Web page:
These two could easily fill concert halls! Their melodies are mesmerizing…
If I were this lady, I would practice violin everyday with my basset hound. It looks like so much fun though I cannot tell if the basset truly likes it or not.
The video caused me to wonder: why do hound dogs howl, anyway? Dogster.com lists five reasons that dogs howl:
- It keeps their community, or pack, organized and serves as a homing beacon. When scout dogs leave the pack, in the wild, howling can help to direct them home. In some contexts, howling is an expression of love. If your dog howls at you, it could be beckoning you home or to where the dog thinks you should be.
- Howling marks boundaries and serves as a defense mechanism. It can serve as a warning to outsiders and potential predators.
- Sometimes, howling can simply be a plea for attention or a method to express anxiety. Once a dog gains someone’s attention by howling, they can learn to use the technique to manipulate people, emotionally. Sneaky, right? Howling can also express separation anxiety if they are unhappy when you leave.
- Howling can be a response to environmental stimuli and can serve as a bonding exercise. This is likely the case with the basset hound and the violin player. As digester puts it: “Much of our research confirms that dog howling occurs when certain sounds are perceived. The prompts and triggers can be anything: music on a stereo at a party, popular television theme songs, or the sound of musical instruments. People who enjoy dogs howling even seem to encourage their dogs by howling themselves! It would seem that one reason dogs howl is the experience of community or of bonding. Why do dogs howl at sirens? Why do dogs howl when you howl? Perhaps it’s to join in and be a part of the action.”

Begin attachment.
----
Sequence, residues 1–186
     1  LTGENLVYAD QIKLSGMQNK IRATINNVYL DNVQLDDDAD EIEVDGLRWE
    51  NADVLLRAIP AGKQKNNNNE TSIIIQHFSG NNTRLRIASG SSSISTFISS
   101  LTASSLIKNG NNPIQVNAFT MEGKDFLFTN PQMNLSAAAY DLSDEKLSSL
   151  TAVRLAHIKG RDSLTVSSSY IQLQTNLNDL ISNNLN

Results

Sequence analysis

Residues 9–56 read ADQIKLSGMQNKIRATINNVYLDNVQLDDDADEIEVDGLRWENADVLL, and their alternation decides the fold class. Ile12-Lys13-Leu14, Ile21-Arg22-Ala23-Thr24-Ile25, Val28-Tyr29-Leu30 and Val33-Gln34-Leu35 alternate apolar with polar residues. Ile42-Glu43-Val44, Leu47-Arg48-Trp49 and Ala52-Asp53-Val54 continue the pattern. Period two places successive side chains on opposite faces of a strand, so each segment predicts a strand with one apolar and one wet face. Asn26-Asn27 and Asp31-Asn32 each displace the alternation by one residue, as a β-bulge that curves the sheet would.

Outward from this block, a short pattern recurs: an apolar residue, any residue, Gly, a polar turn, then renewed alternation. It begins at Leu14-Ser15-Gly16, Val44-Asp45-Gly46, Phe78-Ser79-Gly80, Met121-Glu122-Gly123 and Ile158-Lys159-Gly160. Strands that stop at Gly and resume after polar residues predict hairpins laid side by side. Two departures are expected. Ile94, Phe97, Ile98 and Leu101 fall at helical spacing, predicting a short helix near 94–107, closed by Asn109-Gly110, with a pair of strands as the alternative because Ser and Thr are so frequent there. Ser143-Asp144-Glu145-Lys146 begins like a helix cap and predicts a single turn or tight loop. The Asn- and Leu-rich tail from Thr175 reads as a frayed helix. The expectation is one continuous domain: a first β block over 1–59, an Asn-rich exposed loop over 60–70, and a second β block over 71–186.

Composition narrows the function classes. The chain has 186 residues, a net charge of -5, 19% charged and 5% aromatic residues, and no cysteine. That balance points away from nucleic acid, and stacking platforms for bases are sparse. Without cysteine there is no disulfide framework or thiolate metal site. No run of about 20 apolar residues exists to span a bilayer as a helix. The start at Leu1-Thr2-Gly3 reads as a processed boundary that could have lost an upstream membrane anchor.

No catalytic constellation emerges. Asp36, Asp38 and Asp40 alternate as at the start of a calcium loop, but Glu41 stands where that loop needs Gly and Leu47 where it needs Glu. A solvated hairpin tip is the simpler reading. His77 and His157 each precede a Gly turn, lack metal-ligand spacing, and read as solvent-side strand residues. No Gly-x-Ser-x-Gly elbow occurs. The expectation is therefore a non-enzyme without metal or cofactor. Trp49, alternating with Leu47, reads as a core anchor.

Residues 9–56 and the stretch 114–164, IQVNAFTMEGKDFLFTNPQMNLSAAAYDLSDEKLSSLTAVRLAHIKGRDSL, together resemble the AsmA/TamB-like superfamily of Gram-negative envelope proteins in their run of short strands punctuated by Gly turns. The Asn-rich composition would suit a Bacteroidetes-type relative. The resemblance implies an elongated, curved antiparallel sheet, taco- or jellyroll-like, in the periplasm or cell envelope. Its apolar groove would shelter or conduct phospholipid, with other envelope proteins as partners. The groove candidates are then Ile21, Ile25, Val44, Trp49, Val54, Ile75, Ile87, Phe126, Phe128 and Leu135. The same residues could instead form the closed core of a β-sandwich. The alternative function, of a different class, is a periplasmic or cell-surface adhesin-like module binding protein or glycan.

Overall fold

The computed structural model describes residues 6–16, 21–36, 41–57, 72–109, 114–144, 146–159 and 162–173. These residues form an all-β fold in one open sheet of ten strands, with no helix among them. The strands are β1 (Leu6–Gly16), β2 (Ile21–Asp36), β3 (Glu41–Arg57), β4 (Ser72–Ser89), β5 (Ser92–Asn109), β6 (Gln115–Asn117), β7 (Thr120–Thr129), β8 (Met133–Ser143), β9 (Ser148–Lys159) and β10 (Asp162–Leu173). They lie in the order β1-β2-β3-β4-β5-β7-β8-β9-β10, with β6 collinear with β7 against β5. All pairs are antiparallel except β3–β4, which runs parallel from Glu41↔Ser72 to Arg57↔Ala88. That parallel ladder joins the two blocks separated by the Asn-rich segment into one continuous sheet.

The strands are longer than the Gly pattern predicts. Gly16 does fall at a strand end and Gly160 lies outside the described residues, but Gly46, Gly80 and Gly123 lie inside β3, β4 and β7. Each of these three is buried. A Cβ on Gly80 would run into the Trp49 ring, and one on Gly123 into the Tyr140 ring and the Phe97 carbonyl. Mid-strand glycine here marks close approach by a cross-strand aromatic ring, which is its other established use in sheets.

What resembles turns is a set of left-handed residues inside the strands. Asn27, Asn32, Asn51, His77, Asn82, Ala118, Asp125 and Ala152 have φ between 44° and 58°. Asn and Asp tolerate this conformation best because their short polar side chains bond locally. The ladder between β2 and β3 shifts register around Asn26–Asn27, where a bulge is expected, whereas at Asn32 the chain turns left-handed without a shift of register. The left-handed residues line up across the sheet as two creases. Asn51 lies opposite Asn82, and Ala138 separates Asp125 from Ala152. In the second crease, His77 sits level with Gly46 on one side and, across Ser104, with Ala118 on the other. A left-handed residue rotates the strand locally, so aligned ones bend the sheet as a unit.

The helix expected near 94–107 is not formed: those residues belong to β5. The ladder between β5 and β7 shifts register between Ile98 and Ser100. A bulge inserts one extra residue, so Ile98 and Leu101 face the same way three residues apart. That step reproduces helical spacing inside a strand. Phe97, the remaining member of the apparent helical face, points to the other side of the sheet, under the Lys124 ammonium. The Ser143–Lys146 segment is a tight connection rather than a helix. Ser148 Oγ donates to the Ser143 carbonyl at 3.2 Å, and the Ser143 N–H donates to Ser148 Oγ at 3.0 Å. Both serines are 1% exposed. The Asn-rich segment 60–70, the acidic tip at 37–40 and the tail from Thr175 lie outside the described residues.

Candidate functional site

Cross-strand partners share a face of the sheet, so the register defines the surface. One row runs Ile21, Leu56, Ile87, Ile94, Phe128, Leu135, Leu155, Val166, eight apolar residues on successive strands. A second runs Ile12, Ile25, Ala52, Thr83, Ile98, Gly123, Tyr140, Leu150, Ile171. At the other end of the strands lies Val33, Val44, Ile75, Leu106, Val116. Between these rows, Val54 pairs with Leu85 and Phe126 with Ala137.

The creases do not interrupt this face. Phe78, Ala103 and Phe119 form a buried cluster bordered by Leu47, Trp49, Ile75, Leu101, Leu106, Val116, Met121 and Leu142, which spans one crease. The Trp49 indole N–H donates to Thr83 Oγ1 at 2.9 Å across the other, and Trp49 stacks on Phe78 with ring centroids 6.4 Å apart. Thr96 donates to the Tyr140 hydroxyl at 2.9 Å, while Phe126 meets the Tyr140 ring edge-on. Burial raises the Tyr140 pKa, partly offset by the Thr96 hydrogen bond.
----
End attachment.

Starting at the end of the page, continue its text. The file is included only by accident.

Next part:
- Howling can simply alert others to injury or a discovery. Simple enough.
Without any further ado, enjoy the howling and playing of these two companions: